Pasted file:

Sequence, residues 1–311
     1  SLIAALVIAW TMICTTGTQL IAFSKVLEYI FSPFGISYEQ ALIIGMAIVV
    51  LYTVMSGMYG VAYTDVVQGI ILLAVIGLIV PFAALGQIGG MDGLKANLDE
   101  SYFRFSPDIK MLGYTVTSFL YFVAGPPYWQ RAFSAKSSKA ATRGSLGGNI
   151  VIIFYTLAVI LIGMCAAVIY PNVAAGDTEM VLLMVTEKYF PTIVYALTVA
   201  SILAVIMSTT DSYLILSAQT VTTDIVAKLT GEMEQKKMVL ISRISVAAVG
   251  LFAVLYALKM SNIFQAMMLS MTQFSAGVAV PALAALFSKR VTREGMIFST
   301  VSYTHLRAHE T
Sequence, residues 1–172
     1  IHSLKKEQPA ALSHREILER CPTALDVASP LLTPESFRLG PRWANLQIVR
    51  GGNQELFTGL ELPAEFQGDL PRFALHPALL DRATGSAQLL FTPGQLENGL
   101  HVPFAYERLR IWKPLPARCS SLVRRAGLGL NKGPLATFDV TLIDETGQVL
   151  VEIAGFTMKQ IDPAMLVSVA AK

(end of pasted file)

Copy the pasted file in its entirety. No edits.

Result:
Sequence, residues 1–311
     1  SLIAALVIAW TMICTTGTQL IAFSKVLEYI FSPFGISYEQ ALIIGMAIVV
    51  LYTVMSGMYG VAYTDVVQGI ILLAVIGLIV PFAALGQIGG MDGLKANLDE
   101  SYFRFSPDIK MLGYTVTSFL YFVAGPPYWQ RAFSAKSSKA ATRGSLGGNI
   151  VIIFYTLAVI LIGMCAAVIY PNVAAGDTEM VLLMVTEKYF PTIVYALTVA
   201  SILAVIMSTT DSYLILSAQT VTTDIVAKLT GEMEQKKMVL ISRISVAAVG
   251  LFAVLYALKM SNIFQAMMLS MTQFSAGVAV PALAALFSKR VTREGMIFST
   301  VSYTHLRAHE T
Sequence, residues 1–172
     1  IHSLKKEQPA ALSHREILER CPTALDVASP LLTPESFRLG PRWANLQIVR
    51  GGNQELFTGL ELPAEFQGDL PRFALHPALL DRATGSAQLL FTPGQLENGL
   101  HVPFAYERLR IWKPLPARCS SLVRRAGLGL NKGPLATFDV TLIDETGQVL
   151  VEIAGFTMKQ IDPAMLVSVA AK